Destinations, Oysters, Restaurants

They’re Talkin’ Bout Us: The Kitchenista and how a Gene’s po-boy changed her life

On her first trip to NOLA she got to meet Leah Chase. We’re jealous.

If you’re on Twitter, you’ve seen Angela Davis’ posts. She’s better known by her handle The Kitchenista, and one look at the pictures of the food coming from her Virginia kitchen and your mouth will water. What’s even more impressive is that she’s a self-taught home cook, food blogger, recipe developer, food photographer and mom on top of it all.

For her first trip to New Orleans, she attended a workshop and sat down with us to dish about what she ate and how simple things like hot sauce on a catfish po-boy can change your life.

Can you tell me a little about the workshop that brought you here?

“I came here for a workshop organized by Dr. Howard Conyers and Adrian Miller (@soulfoodscholar). They basically put together a weekend of fellowship for black food professionals, centered around a whole cow BBQ that we did on Saturday. On Friday we met, all of us in the same room. There were black chefs, food writers, food media personalities. We all know each other from online but we’ve never met in person so it was cool to network and see what projects we’re working on and what we could do together in the future.”

Friday you got to meet Mrs. Leah Chase. What was that like?

“That was incredible. We had a private luncheon at Dooky Chase and they set up the buffet, so we started with gumbo, then the buffet and she came out afterwards. I didn’t know we were going to meet her. I was just happy to be there, but when she came out, you can’t even put words into that moment, to see her in person. She just started talking about how proud she was of us, and that was just amazing to me to hear that from somebody that’s such a legend that she was a part of the work that we were doing. She called out the women that are choosing to be in the kitchen, and how much that means. I’m tearing up thinking about it. She gave us the history of what it was like when she was working in the kitchen and how few of us there were. And she’s funny, I could sit there and listen to her all day.”

What was the best thing you had there?

“The fried chicken. I mean you eat fried chicken everywhere and you don’t expect it to be this mind-blowing experience but I’ve never had fried chicken like that. It was just tender inside. I had a thigh and it was just falling apart but it was still juicy, but it was light and it was just perfect. I was like, ‘I need to go back and rethink my own recipe.’ The other standout for me was the butter beans and shrimp. I grew up not liking lima beans. I recently started learning to like lima beans when I went to Charleston I had them, and ever since then I’m kind of intrigued. So that was another dish that I’d like to try at home.”

When you knew you were coming here, did you look up restaurants?

“I rarely do that because I get so overwhelmed with recommendations. When I’m on social media, if I say I’m going to New Orleans, I’ll get like 50 recommendations and I get overwhelmed. So I decided to come, I knew I had plans for most of Friday and Saturday, and I would just play it by ear and go with the flow. The surprise for me was that I love the hotel (The Eliza Jane) so much that I stayed here a lot. They have three bars here, the oyster bar is great, they have good breakfast. Last night I had the oysters, they’re huge! They have steak tartare and the cocktails have been great. We went out to Bourbon House and mostly we had fresh seafood. Saturday night we went to Blue Nile for drinks and the only thing open when we got out was Gene’s. I had a catfish po-boy that was life-altering. It’s just hot sauce and tartar sauce. It’s just simple things and you don’t realize how much better it’s going to be until four o’clock in the morning.”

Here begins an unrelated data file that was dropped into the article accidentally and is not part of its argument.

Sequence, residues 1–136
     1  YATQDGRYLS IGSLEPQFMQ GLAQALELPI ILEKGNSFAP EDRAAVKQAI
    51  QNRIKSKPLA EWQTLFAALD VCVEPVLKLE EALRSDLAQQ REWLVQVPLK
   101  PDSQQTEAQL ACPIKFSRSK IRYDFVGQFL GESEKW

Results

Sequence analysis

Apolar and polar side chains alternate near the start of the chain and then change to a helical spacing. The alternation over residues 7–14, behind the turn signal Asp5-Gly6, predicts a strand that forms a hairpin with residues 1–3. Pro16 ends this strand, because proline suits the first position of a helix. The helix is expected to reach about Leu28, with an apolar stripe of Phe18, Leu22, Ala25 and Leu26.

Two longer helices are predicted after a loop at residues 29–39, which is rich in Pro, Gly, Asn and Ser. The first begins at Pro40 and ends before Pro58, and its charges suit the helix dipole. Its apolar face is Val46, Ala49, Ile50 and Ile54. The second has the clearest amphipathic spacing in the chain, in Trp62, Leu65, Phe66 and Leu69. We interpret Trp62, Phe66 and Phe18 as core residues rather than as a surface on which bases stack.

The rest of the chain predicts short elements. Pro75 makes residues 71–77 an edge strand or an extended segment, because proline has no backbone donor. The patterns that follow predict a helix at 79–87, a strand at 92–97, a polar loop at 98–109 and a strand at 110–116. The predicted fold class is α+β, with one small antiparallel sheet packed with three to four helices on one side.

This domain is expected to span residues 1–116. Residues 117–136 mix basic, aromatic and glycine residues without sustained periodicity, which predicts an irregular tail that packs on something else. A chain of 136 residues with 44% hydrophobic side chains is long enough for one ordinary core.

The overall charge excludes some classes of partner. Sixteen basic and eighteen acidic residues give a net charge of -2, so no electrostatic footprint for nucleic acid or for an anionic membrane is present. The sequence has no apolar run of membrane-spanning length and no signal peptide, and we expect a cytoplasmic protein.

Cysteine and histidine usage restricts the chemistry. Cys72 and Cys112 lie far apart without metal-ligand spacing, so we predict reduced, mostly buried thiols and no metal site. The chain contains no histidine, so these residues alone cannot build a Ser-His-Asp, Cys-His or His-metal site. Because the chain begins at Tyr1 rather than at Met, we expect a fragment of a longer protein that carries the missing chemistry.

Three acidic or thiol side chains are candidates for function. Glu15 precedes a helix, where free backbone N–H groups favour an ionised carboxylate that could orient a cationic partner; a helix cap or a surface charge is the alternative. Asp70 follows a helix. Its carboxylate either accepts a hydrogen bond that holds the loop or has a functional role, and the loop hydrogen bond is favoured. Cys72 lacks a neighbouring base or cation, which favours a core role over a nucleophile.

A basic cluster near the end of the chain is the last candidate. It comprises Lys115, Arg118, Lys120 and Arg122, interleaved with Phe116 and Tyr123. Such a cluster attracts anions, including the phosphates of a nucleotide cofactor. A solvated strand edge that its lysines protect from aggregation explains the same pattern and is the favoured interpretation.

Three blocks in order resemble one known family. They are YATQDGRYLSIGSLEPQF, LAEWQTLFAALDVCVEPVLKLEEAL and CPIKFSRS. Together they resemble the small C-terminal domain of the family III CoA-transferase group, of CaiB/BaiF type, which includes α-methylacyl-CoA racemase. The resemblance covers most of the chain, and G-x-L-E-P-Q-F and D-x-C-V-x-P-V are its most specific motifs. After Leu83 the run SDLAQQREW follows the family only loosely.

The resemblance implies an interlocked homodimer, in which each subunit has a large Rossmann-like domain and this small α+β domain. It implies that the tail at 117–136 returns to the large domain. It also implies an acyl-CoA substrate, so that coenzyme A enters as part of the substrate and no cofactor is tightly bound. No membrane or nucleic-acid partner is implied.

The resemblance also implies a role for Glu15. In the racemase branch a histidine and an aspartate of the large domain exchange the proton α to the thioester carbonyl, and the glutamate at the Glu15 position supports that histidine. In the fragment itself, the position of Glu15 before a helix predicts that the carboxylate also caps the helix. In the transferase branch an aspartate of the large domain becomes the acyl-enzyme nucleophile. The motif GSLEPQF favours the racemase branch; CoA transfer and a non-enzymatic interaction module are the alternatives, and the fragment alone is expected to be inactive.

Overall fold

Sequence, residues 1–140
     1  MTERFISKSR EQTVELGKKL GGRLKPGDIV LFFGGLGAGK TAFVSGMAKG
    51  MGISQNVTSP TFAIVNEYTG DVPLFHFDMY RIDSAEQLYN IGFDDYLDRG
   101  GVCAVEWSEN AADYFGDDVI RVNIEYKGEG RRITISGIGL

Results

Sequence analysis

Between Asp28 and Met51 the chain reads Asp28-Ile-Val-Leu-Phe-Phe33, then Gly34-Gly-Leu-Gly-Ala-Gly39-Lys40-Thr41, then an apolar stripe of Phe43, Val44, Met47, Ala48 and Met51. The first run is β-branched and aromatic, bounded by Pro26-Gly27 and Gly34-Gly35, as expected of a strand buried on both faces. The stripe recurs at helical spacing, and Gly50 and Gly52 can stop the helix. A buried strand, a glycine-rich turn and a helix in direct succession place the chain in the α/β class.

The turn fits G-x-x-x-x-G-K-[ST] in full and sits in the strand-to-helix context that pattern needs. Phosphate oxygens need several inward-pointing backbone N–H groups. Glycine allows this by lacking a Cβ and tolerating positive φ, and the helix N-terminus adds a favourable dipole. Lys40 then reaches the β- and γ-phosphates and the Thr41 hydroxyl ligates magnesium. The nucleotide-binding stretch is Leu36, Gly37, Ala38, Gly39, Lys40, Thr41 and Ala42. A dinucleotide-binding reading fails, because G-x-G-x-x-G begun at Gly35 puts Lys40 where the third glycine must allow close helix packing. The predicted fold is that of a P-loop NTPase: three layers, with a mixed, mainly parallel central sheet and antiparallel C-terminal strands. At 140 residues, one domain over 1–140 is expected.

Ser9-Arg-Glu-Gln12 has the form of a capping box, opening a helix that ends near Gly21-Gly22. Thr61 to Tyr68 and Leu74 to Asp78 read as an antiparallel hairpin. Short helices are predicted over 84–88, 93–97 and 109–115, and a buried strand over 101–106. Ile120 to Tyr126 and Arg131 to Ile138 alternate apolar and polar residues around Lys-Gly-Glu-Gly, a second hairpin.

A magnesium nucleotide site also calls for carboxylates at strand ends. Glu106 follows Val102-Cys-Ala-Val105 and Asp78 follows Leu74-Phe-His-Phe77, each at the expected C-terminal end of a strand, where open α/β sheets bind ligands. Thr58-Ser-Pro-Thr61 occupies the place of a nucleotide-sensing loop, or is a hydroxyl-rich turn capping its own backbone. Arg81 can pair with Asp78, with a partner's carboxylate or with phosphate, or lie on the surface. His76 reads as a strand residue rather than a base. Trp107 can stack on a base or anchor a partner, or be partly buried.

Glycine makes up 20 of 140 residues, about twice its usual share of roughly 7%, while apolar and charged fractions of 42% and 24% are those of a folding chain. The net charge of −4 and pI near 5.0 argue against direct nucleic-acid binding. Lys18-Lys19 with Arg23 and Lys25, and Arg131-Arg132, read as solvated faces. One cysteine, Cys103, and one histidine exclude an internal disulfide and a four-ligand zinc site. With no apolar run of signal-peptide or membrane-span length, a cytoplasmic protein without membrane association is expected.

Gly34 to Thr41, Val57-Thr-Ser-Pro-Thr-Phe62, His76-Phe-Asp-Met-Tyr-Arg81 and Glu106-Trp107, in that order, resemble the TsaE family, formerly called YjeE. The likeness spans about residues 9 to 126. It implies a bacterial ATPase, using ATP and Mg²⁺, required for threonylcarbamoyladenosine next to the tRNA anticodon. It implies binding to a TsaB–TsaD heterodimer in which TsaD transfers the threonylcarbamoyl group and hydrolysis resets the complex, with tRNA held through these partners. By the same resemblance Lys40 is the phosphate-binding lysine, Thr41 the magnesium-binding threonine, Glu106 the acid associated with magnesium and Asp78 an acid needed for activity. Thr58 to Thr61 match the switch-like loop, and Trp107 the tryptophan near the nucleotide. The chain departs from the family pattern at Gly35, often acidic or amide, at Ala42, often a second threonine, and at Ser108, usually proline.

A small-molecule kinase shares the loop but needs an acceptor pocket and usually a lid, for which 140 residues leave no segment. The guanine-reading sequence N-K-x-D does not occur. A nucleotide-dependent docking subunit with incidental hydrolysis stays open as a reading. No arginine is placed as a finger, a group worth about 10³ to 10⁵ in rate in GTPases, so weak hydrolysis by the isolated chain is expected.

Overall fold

So you leave today, you mentioned you have to get to Cafe Du Monde.

“Yes, and I’d like to find a local marker that I can find some sausage to bring back with me, and I’d like to go to a soul food spot. I have a craving for real grits before I leave, and BBQ shrimp.”

Was there anything that you learned about food here that you’re going to bring back with you?

“Saturday was the whole cow BBQ which was the reason we all came here. It was called Gumbo Jubilee, and it was a celebration of Creole, Gulla Geechee and Haitian culture. So we were represented across the diaspora. I think it’s important to try those dishes. I mean, you can’t walk into every restaurant and get the food that we had. It’s just a reminder that we’re only one generation away from losing a lot of this because people don’t know how to make it, and people haven’t even had it.”

Anything else you want to add about being here?

“Just the need to keep cooking. For me, it solidified why I’m doing this. When I started as a food blogger, it was a personal journey. It was, ‘I need to learn how to do this and I need to learn how to provide for myself,’ and then it became a community of people wanting to learn how to cook. It really resonates for me around the holidays, because so many young women that have never made mac and cheese or southern collard greens or they don’t know how to roast a chicken or a turkey. And I’m teaching them those things, and now they’re able to carry those things and traditions to their family. So, a lot of what we talked about this weekend kind of resonated with me because people do want to learn these things, but I think you have to keep putting it in front of them, and keep drilling how important it is for us to maintain these traditions because it’s being lost. I’m taking that back with me; to keep going.”

You can follow Angela on Instagram and Twitter @TheKitchenista, or click here to visit her blog, The Kitchenista Diaries.